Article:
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Bad Work Camping Jobs: 10 Warning Signs From Negative Work Camper Experiences

Bad work camping jobs exist. Some campground jobs are overall negative experiences. While it would be nice to be able to tell you all campground jobs are great and all campground owners are wonderful to work for, that simply isn’t the case.

Consider these warning signs:

1. The campground advertises for work campers in national workamping magazines, issue after issue after issue.

2. The campground does not check proof of citizenship, identification, or other work eligibility as regulations require.

3. The campground does not require work campers to fill out a W4 form for with holdings.

4. The campground requires a written contract.

5. The campground requires a written job application.

6. The campground insists on a formal job description.

7. The campground owner or manager is desperate for work campers.

8. The person doing the hiring cannot or will not answer the prospective work camper’s questions.

9. Prior to arriving on the job, the work camper did not receive the paperwork (job descriptions, employee handbook, copies of agreements, park brochures, and contracts) he was promised.

10. The work camper drove many miles across the country for the sole purpose of camp job.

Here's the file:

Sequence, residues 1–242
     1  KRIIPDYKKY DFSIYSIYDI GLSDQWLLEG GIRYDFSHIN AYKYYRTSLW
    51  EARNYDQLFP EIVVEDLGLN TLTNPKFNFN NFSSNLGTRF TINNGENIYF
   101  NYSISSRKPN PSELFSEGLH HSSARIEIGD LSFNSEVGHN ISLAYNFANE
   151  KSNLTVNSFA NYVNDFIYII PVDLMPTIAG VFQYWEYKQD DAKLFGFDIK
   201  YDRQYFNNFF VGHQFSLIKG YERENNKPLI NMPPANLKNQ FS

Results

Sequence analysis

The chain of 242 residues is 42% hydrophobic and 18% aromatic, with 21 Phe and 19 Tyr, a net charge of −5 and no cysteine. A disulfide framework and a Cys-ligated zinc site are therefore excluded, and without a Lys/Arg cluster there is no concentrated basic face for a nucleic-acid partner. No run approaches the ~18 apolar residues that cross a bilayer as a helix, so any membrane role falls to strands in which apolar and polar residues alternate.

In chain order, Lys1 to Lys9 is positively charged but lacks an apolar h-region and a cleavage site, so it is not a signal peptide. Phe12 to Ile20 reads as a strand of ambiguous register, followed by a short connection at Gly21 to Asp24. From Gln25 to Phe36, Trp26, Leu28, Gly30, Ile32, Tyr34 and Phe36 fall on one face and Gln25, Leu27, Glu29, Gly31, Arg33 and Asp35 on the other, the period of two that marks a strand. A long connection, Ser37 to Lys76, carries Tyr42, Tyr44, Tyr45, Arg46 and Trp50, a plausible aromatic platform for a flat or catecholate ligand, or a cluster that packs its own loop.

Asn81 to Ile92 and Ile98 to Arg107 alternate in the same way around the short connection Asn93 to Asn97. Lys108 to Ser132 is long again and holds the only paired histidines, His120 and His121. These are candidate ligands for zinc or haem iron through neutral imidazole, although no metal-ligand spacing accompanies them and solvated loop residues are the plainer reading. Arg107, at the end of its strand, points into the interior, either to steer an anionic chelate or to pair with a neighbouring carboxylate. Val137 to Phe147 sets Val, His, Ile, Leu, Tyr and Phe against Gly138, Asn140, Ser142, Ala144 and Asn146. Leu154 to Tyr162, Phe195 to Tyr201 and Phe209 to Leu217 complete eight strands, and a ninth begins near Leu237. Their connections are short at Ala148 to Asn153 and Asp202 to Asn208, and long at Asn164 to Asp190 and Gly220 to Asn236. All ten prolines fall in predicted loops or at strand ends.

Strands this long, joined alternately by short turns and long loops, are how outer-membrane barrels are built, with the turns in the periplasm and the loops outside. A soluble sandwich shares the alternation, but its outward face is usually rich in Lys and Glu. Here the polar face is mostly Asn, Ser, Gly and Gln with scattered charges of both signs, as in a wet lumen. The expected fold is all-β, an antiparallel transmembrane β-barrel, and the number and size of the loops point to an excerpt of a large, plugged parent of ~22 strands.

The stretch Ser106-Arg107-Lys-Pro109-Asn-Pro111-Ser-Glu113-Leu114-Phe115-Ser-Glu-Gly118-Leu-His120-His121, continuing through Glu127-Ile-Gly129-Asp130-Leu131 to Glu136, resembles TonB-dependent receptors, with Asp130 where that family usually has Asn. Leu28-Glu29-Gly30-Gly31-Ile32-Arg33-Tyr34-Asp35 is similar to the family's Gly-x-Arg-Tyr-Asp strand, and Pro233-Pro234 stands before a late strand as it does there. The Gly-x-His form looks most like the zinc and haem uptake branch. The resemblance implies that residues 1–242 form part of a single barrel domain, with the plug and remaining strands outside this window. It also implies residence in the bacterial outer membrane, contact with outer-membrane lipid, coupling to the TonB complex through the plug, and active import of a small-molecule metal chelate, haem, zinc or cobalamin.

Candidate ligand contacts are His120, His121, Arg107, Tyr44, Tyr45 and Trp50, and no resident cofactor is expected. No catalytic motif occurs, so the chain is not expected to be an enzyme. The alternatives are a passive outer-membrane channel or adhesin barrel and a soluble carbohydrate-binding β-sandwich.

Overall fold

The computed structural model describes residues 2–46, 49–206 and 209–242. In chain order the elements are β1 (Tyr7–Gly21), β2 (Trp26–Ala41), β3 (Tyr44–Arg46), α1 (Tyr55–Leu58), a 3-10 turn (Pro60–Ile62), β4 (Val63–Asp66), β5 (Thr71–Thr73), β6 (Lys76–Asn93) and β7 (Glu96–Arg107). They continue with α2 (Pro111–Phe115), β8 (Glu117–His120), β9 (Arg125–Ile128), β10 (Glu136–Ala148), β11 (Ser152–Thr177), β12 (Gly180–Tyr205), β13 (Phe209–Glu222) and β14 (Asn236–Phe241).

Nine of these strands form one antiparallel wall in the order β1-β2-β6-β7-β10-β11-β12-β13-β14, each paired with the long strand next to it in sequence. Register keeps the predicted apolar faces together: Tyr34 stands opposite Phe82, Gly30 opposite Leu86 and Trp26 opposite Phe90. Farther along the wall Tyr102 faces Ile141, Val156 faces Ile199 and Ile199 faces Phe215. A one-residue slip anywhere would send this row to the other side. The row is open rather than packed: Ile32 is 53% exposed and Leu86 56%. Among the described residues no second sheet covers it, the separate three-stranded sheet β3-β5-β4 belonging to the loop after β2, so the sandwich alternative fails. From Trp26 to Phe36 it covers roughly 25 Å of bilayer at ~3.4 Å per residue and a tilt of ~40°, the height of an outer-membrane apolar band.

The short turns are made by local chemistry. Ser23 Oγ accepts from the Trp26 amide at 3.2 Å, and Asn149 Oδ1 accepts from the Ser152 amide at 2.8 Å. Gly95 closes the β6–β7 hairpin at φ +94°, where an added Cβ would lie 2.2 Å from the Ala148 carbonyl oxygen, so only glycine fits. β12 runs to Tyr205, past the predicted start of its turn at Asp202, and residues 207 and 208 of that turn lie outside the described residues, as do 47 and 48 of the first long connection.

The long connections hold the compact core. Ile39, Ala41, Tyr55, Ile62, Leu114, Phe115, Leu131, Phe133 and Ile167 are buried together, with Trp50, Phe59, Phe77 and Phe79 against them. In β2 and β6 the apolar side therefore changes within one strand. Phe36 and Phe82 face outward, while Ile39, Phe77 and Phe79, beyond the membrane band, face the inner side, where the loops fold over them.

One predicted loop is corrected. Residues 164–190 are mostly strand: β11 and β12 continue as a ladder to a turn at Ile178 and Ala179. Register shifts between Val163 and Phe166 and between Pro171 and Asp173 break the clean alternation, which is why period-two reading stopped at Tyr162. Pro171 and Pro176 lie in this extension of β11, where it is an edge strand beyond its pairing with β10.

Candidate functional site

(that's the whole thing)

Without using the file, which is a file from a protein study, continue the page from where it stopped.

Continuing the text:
These are not absolutes, of course. But after hearing about the negative work camping experiences of many RVers, these are the things that stand out.

If you stop and think about it, some of these are just common sense.

Why would a campground continuously need to run an ad looking for help? Is it a huge park, with many short-term work camper positions, so it is practical that there would be frequent need for new hires? Is it because – for whatever reasons – they have a high work camper turnover? Is it because they are looking for campers willing to barter a site for a full-time job, something many see as unreasonable?

What paperwork does the campground require and why? Does it require all the paperwork employers are legally obligated to generate? If not, why not?

If they require additional paperwork, does it protect the camper or the campground? Do you want a contract that locks you into a specified length of employment?

If you spend a lot of time and money to travel many miles just for a job, what happens if the job isn’t what you thought it would be? What if the park is different than the brochure depicts it? What if the job duties are different from what you agreed to? What if the work hours are different from what you were promised? What if you simply don’t like the campground, the people, or the area? If you spent a lot of money to get there – will you have enough money to move somewhere else?

Some signs of bad work camping jobs are less obvious. It may seem logical that parks providing clear job descriptions and wanting everything in writing would make better employers. But, our experience does not show that to be the true.

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